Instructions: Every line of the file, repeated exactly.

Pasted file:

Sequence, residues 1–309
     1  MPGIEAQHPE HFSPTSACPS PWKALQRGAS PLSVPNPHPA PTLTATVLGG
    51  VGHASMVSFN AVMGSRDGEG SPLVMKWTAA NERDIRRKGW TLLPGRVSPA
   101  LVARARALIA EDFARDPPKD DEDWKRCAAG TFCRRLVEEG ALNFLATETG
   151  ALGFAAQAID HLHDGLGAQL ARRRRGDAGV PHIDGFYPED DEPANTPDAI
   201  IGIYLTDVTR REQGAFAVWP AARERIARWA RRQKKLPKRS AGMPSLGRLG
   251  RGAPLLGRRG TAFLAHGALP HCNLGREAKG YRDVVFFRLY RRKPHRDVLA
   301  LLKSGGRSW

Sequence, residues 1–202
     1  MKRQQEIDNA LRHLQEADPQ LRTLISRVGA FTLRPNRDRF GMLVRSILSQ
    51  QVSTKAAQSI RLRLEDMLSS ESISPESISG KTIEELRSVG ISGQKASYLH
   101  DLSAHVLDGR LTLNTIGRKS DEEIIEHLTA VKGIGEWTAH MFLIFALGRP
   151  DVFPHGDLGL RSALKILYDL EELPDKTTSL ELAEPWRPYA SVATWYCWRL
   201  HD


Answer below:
Sequence, residues 1–309
     1  MPGIEAQHPE HFSPTSACPS PWKALQRGAS PLSVPNPHPA PTLTATVLGG
    51  VGHASMVSFN AVMGSRDGEG SPLVMKWTAA NERDIRRKGW TLLPGRVSPA
   101  LVARARALIA EDFARDPPKD DEDWKRCAAG TFCRRLVEEG ALNFLATETG
   151  ALGFAAQAID HLHDGLGAQL ARRRRGDAGV PHIDGFYPED DEPANTPDAI
   201  IGIYLTDVTR REQGAFAVWP AARERIARWA RRQKKLPKRS AGMPSLGRLG
   251  RGAPLLGRRG TAFLAHGALP HCNLGREAKG YRDVVFFRLY RRKPHRDVLA
   301  LLKSGGRSW

Sequence, residues 1–202
     1  MKRQQEIDNA LRHLQEADPQ LRTLISRVGA FTLRPNRDRF GMLVRSILSQ
    51  QVSTKAAQSI RLRLEDMLSS ESISPESISG KTIEELRSVG ISGQKASYLH
   101  DLSAHVLDGR LTLNTIGRKS DEEIIEHLTA VKGIGEWTAH MFLIFALGRP
   151  DVFPHGDLGL RSALKILYDL EELPDKTTSL ELAEPWRPYA SVATWYCWRL
   201  HD